Ben Blank Ben Blank - 1 month ago 6
Git Question

Why should I care about lightweight vs. annotated tags?

I switched from Subversion to Git as my day-to-day VCS last year and am still trying to grasp the finer points of "Git-think".

The one which has been bothering me lately is "lightweight" vs. annotated vs. signed tags. It seems pretty universally accepted that annotated tags are superior to lightweight tags for all real uses, but the explanations I've found for why that's the case always seem to boil down to either "because best practices" or "because they're different". Unfortunately, those are very unsatisfying arguments without knowing why it's best practices or how those differences are relevant to my Git usage.

When I first switched to Git, lightweight tags seemed to be the best thing since sliced bread; I could just point at a commit and say "that was 1.0". I'm having trouble grasping how a tag could ever need to be more than that, but I certainly can't believe that the Git experts of the world prefer annotated tags arbitrarily! So what's all the hubbub about?

(Bonus points: Why would I ever need to sign a tag?)

EDIT

I've been successfully convinced that annotated tags are a Good Thing — knowing who tagged and when is important! As a follow-up, any advice on good tag annotations? Both

git tag -am "tagging 1.0" 1.0
and trying to summarize the commit log since the previous tag feel like losing strategies.

Answer

The big plus of an annotated tag is that you know who created it. Just like with commits, sometimes it's nice to know who did it. If you're a developer and you see that v1.7.4 has been tagged (declared ready) and you're not so sure, who do you talk to? The person whose name is in the annotated tag! (If you live in a distrustful world, this also keeps people from getting away with tagging things they shouldn't.) If you're a consumer, that name is a stamp of authority: that's Junio Hamano saying this version of git is hereby released.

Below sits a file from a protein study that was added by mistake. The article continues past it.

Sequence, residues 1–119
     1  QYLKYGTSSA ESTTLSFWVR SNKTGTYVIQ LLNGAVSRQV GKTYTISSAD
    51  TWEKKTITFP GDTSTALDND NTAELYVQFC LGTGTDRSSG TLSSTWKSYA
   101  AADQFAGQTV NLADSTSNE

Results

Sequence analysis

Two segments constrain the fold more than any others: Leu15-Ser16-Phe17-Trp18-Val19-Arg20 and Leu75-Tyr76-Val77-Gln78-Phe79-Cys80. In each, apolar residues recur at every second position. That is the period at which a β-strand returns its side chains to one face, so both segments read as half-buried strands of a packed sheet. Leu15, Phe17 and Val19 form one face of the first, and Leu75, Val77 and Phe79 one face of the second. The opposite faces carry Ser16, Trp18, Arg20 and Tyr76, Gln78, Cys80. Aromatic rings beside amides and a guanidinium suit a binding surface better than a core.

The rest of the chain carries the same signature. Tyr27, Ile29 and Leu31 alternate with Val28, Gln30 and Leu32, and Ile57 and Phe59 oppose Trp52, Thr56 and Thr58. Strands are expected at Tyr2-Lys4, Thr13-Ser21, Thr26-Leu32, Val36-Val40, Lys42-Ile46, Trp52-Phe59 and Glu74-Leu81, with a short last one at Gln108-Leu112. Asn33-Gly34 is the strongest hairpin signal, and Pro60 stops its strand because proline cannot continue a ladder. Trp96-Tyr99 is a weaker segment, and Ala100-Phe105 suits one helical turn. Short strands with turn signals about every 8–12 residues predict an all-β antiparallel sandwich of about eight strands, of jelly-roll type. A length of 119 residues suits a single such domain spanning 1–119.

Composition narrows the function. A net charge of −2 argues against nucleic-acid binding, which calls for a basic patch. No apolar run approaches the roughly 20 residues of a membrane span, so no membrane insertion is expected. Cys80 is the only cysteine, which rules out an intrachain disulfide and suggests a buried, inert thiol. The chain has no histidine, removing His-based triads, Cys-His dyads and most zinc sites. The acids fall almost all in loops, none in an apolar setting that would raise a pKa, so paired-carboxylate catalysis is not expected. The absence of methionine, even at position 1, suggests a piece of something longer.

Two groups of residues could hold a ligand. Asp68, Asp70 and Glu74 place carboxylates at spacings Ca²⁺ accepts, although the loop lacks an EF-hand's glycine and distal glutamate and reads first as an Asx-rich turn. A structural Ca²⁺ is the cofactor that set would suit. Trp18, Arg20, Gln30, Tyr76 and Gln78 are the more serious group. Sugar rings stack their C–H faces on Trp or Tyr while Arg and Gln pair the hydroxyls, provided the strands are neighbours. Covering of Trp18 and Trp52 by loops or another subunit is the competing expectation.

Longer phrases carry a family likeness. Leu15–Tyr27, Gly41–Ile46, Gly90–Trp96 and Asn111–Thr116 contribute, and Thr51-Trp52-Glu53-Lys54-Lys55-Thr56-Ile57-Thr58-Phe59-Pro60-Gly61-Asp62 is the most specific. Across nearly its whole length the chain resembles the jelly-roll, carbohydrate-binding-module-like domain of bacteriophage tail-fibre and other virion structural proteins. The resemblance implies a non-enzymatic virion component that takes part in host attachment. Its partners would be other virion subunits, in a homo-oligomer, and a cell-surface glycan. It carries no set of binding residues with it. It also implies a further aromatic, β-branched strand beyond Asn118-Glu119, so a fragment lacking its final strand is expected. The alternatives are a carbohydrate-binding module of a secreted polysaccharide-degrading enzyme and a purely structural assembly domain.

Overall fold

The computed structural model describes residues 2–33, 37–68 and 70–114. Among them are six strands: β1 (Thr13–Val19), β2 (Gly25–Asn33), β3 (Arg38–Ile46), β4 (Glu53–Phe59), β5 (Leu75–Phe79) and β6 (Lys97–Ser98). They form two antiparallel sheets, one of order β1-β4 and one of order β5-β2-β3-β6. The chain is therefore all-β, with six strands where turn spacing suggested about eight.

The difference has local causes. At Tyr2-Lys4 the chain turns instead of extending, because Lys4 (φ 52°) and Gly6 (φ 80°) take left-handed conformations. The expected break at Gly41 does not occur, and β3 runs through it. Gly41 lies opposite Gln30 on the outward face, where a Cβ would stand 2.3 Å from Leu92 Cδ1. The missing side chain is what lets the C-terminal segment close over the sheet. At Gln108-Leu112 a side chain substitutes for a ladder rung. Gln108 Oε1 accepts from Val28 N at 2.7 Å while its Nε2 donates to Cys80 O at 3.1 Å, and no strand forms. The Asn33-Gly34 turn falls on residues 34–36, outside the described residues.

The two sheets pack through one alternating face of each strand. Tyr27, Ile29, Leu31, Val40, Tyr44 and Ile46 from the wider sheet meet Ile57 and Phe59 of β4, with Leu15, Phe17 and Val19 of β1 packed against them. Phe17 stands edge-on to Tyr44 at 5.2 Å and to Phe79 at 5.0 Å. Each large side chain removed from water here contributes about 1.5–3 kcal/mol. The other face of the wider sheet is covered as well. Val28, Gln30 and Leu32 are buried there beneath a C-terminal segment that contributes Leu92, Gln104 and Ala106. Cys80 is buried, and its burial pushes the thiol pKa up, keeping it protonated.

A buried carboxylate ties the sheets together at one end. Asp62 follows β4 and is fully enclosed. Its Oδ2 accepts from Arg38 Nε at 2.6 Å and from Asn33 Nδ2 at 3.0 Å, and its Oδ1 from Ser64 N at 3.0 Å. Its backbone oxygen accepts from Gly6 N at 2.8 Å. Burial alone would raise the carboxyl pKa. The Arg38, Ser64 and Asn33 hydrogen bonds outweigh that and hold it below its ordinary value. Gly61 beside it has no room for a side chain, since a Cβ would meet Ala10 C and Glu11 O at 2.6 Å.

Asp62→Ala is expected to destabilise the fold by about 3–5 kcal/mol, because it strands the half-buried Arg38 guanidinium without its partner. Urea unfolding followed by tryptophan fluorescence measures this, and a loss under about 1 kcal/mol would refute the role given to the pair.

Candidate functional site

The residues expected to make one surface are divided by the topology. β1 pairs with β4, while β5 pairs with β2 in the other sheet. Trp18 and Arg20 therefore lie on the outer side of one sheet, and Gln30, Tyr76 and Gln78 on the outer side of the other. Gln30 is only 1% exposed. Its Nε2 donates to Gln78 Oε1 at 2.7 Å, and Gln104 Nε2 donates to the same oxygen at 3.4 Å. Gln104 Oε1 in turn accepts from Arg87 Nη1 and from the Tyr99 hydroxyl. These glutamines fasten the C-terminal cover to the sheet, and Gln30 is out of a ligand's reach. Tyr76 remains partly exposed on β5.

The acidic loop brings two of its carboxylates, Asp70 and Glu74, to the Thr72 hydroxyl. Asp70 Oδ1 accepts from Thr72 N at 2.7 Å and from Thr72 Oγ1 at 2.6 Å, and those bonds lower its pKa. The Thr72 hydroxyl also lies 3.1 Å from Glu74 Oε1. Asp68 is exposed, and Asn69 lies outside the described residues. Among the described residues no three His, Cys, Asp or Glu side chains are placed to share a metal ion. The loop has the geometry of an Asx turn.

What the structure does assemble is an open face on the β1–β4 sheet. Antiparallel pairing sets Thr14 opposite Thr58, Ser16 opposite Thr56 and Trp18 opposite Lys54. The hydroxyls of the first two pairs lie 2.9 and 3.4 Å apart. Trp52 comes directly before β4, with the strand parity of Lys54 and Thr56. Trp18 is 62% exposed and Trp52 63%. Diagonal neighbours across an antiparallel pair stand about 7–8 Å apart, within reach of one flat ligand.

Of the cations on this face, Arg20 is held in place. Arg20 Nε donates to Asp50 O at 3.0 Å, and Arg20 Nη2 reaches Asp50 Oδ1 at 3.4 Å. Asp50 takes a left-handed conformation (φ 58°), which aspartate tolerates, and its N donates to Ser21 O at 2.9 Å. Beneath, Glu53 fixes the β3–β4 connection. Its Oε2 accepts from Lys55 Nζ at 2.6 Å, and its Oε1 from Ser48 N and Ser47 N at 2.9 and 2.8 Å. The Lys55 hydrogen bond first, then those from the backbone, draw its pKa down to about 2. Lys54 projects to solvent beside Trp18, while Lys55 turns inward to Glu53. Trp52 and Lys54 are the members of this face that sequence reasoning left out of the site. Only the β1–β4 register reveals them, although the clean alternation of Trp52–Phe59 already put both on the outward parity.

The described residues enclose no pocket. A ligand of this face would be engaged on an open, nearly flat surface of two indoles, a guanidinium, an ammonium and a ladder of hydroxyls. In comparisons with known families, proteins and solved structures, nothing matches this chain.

The other metadata can be helpful too - sometimes it's nice to know when that version was released, not just when the final commit was made. And sometimes the message can even be useful. Maybe it helps explain the purpose of that particular tag. Maybe the tag for a release candidate contains a bit of a status/to-do list.

Signing tags is pretty much like signing anything else - it provides one more level of security for the paranoid. Most of us aren't ever going to use it, but if you really want to verify everything before you put that software on your computer, you might want it.

Edit:

As for what to write in a tag annotation, you're right - there's not always much useful to say. For a version number tag, it's implicitly understood that it marks that version, and if you're happy with your changelogs elsewhere, there's no need to put one there. In this case, it's really the tagger and date that are the most important. The only other thing I can think of is some sort of stamp of approval from a test suite. Have a look at git.git's tags: they all just say something like "Git 1.7.3 rc1"; all we really care about is Junio Hamano's name on them.

However, for less obviously named tags, the message could become much more important. I could envision tagging a specific special-purpose version for a single user/client, some important non-version milestone, or (as mentioned above) a release candidate with extra information. The message is then much more useful.